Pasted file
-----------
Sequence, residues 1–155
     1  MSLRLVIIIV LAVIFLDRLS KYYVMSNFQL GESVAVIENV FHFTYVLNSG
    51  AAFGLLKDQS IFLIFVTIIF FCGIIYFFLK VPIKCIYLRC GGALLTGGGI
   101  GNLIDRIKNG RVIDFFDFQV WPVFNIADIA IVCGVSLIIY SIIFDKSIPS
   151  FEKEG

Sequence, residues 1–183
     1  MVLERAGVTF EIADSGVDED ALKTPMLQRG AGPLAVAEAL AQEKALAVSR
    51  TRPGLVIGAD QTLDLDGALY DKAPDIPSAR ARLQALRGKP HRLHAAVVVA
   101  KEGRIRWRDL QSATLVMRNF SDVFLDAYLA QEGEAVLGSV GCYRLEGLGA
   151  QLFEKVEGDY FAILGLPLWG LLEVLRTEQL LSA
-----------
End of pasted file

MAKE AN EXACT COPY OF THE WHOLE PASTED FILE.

Sequence, residues 1–155
     1  MSLRLVIIIV LAVIFLDRLS KYYVMSNFQL GESVAVIENV FHFTYVLNSG
    51  AAFGLLKDQS IFLIFVTIIF FCGIIYFFLK VPIKCIYLRC GGALLTGGGI
   101  GNLIDRIKNG RVIDFFDFQV WPVFNIADIA IVCGVSLIIY SIIFDKSIPS
   151  FEKEG

Sequence, residues 1–183
     1  MVLERAGVTF EIADSGVDED ALKTPMLQRG AGPLAVAEAL AQEKALAVSR
    51  TRPGLVIGAD QTLDLDGALY DKAPDIPSAR ARLQALRGKP HRLHAAVVVA
   101  KEGRIRWRDL QSATLVMRNF SDVFLDAYLA QEGEAVLGSV GCYRLEGLGA
   151  QLFEKVEGDY FAILGLPLWG LLEVLRTEQL LSA